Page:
The recursion is provided by the superclasses of the walker.
comment:12 Changed 5 years ago by
Replying to rws:
The recursion is provided by the superclasses of the walker.
No, it does not seem to be the case, because of the return simpl
in line 190 of https://git.sagemath.org/sage.git/tree/src/sage/manifolds/utilities.py?id=0c7b9ea177eeb653de9a2987ea60920acaa96d88
Consider for instance the following example; with the current version, we have
sage: from sage.manifolds.utilities import SimplifySqrtReal sage: SimplifySqrtReal(sqrt(1 + sqrt(x^2)))() sqrt(abs(x) + 1)
which is correct, given we have no sign assumption on x
. Now, if we replace argum = self(argum)
in line 170 of the above file by pass
, we get
sage: from sage.manifolds.utilities import SimplifySqrtReal sage: SimplifySqrtReal(sqrt(1 + sqrt(x^2)))() sqrt(x + 1)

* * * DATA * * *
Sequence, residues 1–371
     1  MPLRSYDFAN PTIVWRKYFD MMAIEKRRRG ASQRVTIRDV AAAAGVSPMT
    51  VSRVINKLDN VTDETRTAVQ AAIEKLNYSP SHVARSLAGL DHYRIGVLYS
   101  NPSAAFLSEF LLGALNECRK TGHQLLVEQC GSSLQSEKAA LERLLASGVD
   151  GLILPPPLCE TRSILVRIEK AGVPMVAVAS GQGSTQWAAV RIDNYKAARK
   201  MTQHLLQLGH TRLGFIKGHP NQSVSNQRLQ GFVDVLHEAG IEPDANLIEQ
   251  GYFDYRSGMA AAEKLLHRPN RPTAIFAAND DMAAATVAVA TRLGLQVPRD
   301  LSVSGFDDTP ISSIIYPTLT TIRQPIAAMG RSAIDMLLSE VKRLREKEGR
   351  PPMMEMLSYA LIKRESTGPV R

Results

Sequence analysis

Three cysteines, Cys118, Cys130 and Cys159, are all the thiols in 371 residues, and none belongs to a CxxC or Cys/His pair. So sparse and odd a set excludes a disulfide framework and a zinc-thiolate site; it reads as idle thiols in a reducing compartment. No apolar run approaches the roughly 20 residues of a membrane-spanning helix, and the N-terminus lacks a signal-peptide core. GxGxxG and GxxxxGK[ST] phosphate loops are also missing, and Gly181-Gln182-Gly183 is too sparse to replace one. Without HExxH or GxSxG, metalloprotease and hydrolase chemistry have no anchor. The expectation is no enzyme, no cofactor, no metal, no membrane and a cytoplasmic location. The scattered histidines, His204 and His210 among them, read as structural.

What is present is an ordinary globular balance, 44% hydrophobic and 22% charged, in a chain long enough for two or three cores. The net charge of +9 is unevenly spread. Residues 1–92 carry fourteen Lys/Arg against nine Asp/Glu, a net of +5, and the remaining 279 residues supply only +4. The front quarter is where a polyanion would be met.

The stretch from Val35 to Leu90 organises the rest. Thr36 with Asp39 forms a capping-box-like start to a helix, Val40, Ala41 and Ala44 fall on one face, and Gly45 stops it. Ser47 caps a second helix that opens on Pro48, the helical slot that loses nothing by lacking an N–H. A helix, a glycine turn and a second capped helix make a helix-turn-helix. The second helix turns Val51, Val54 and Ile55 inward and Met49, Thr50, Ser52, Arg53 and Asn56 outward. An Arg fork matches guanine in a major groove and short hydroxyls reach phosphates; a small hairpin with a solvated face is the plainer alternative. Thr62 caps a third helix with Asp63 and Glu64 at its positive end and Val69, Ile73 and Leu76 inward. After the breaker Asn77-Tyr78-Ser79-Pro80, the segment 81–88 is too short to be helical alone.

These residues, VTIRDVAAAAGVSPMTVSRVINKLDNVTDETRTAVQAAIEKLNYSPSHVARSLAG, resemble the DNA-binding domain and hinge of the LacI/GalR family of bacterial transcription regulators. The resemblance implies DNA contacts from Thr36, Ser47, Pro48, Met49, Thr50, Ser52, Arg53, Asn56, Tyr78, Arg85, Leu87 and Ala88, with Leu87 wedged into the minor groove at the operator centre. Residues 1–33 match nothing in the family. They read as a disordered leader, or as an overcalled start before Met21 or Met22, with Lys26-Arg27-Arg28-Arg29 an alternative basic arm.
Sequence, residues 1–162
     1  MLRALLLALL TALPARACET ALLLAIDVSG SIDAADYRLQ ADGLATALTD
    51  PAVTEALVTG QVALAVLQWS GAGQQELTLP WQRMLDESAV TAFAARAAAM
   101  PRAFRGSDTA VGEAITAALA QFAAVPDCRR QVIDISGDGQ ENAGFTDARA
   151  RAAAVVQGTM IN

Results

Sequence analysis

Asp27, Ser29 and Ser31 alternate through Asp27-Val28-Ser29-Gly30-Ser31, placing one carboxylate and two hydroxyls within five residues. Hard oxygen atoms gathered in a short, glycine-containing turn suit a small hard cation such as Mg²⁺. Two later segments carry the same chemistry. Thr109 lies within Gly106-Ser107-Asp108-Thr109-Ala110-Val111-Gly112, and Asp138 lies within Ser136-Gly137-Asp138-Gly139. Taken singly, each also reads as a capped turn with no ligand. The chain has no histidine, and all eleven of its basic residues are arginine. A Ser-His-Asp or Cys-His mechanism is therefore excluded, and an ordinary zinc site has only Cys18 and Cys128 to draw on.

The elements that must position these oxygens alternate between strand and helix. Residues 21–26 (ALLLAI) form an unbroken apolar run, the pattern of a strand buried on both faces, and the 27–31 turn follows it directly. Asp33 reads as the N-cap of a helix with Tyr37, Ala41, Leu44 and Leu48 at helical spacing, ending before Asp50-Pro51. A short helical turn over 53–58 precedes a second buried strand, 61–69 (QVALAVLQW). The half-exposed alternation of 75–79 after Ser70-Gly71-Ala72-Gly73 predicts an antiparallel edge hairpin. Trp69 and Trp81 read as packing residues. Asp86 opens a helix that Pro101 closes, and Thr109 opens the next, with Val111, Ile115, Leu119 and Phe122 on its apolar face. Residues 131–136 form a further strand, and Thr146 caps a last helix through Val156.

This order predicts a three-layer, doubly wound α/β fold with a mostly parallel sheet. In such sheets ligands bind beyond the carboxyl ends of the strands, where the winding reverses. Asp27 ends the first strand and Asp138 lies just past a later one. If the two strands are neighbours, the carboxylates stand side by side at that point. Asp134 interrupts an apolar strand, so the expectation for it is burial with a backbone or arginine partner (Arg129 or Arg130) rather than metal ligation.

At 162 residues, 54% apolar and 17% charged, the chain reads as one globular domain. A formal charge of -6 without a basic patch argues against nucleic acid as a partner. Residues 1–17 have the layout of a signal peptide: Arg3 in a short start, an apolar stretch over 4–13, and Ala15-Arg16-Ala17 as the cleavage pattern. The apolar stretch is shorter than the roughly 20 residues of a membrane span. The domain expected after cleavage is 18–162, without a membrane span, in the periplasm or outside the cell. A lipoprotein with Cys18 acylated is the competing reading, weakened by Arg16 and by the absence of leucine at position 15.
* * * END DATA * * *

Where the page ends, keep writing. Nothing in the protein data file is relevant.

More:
which is a wrong result; it shows that only the outermost sqrt
has been treated, by passing its argument (i.e. 1 + sqrt(x^2)
) to radcan
, which has oversimplified it to x + 1
. Even if we call the walker in a loop until no change happens, there is no way that the x + 1
get transformed to abs(x) + 1
. Am I missing something?
comment:13 followup: 14 Changed 5 years ago by
First, it was nonsense from me to say the walker should not call itself. I forgot that this is done all the time by walkers. Also I naively gave you a solution idea from a different case. Then my dislike just boils down to the usage of str()
. The first usage could be replaced with ...has(sqrt(w0)) or ... has(1/sqrt(w0))
with w0=SR.wild()
. You test on top of the function for w0^(1/2)
and later using str
for w0^(1/2)
and w0^(1/2)
but you can replace it all with ...match(w0^(1/2))
and ...match(w0^(1/2))
.
I'm sorry that my directions were so completely off this time and that I also forgot to tell about GiNaC/Pynac pattern matching, which of course is faster than any Python solution because expressions are wrapped C++ objects.
comment:14 followup: 15 Changed 5 years ago by
Replying to rws:
I'm sorry that my directions were so completely off this time
No problem at all.
and that I also forgot to tell about GiNaC/Pynac pattern matching, which of course is faster than any Python solution because expressions are wrapped C++ objects.